Cucumbers seem especially suited to boat-ness. Many people already make them without knowing it by scraping out the seeds. What’s left behind is the perfect cavity to fill with something delicious. In this recipe, I chose to fill it with a salmon salad. A nice addition to my recipe would be some grated Parmesan cheese. I didn’t add it this time because we were also having goat cheese stuffed squash blossoms, and I didn’t want a cheese overload.

I think I like these better than the zucchini boats. They are crisp, fresh, and easy. Perfect for summer because they require no oven. I suppose they are raw? If you consider canned salmon raw, I suppose . . . ? I’m not up on the rule book for Raw Foods. At the very least, these boats don’t require any actual cooking, only assembly.

And the best part? They are best eaten like a hot dog.

Cucumber Boats

2 cucumbers
1 can salmon, sustainably harvested if you can find it
1 lemon
2 Tbs capers
1-2 small bell peppers, any color
1/4 cup grated Parmesan cheese (opt.)
salt and pepper

Put the salmon in a medium bowl and break it into pieces. You can pick out the bones if you want. Zest the lemon over the bowl. Then roll it under you palm a few times to release the juices. Cut it in half and squeeze the juice into the bowl, straining the seeds through your fingers. Add the capers. Chop the peppers into small pieces and add them the to bowl too. If you’re using cheese, add it now too. Cover the bowl and set it in the fridge to chill for a bit. Cut the cucumbers in half lengthwise. Use a spoon to scrape out the seeds. Fill the cavity with the salmon salad. Eat with your hands, like a hot dog.

Posted 7 years, 1 month ago at 6:34 am. 3 comments

Yard Long Green Beans

IMG_2286This is just a quick post about a recipe Mr. Quotidian and I have been enjoying the past several weeks. Yard Long Green Beans, although they look like field peas that must be shelled, are best used like pole or snap beans. (Except for eating raw. They are bitter and chewy before they are cooked.) For any gardeners reading, these beans should be classified under Foods to Grow for Survival. The plants are magnificently prolific. At City Roots, we harvest bushels every few days.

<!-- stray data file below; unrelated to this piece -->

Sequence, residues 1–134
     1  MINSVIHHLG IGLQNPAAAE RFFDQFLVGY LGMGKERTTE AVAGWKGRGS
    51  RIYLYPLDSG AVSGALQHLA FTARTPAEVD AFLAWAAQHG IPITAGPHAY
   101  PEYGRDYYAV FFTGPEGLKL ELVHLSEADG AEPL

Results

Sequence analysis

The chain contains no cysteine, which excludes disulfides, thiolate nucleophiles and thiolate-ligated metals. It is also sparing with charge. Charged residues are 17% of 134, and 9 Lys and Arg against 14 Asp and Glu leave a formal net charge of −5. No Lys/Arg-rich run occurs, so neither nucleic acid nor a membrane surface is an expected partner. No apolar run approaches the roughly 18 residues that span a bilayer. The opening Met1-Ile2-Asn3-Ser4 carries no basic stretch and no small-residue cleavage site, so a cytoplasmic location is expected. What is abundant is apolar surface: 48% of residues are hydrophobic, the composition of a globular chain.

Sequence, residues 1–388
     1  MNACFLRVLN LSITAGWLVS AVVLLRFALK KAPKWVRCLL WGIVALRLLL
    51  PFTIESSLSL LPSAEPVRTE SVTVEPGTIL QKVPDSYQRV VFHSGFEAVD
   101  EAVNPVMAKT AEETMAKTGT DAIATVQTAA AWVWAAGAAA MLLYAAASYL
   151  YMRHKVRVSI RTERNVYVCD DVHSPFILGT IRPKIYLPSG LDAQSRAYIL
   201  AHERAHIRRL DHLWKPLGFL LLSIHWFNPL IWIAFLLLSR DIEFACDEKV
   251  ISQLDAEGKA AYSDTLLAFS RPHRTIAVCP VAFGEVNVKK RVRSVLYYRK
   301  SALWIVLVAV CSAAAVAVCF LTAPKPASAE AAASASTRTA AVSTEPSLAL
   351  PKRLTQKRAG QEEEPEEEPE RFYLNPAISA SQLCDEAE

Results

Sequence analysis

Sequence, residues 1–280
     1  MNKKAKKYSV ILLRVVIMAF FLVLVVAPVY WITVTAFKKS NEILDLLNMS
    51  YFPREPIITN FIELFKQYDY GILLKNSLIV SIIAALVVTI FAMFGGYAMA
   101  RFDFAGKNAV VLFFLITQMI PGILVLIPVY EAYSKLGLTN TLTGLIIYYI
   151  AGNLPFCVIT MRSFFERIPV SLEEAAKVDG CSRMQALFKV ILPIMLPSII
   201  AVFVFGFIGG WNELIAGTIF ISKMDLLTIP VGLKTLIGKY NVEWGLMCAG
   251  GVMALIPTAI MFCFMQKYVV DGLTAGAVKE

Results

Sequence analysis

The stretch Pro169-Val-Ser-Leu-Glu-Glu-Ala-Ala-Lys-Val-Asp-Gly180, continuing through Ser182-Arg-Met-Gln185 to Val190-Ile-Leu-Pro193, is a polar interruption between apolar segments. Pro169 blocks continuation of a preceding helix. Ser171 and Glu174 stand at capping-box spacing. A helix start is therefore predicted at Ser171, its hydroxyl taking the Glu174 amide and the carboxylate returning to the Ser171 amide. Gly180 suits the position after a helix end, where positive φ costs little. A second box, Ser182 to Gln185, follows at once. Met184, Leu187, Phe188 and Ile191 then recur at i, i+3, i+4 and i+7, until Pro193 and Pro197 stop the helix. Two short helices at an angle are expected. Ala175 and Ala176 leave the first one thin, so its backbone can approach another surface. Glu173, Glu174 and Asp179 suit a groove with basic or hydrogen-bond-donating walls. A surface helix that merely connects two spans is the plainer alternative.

And they are quite tasty too. I could eat a whole recipe by myself. But then there wouldn’t be any leftovers to used in the Bevy and Beans and Basil dish (recipe to come soon!). It’s such a quandary.

Yard Long Bean Sauté

2 bunches of Yard Long Green Beans
2 Tbs butter, lard, or olive oil
2 anchovy fillets
4 cloves of garlic
sea salt

Bring a large pot of salted water to a boil. Meanwhile, rinse your beans  and snap them to a size you like. You could also peel and chop your garlic now. I like big chunks of garlic in my beans, but if you prefer a more refined mince, go for it. When the water boils, add the beans and blanch them for 45-60 seconds, just enough for them to turn bright green and cook slightly. This step evens out the cooking times, as some beans are larger than others. Strain them out and drain in a colander. Heat a large skillet over medium high heat and melt your fat. When it looks shimmery on the surface, add the anchovies and use a wooden spoon to smoosh them into the oil. They should completely disintegrate. Then add the beans and mix until they are evenly coated. I find tongs to be helpful here. Add the garlic and mix again. Cook the beans to your desired doneness – crunchy, al dente, or mushy. Turn off the heat and salt them to taste.

Posted 7 years, 1 month ago at 6:53 am. 1 comment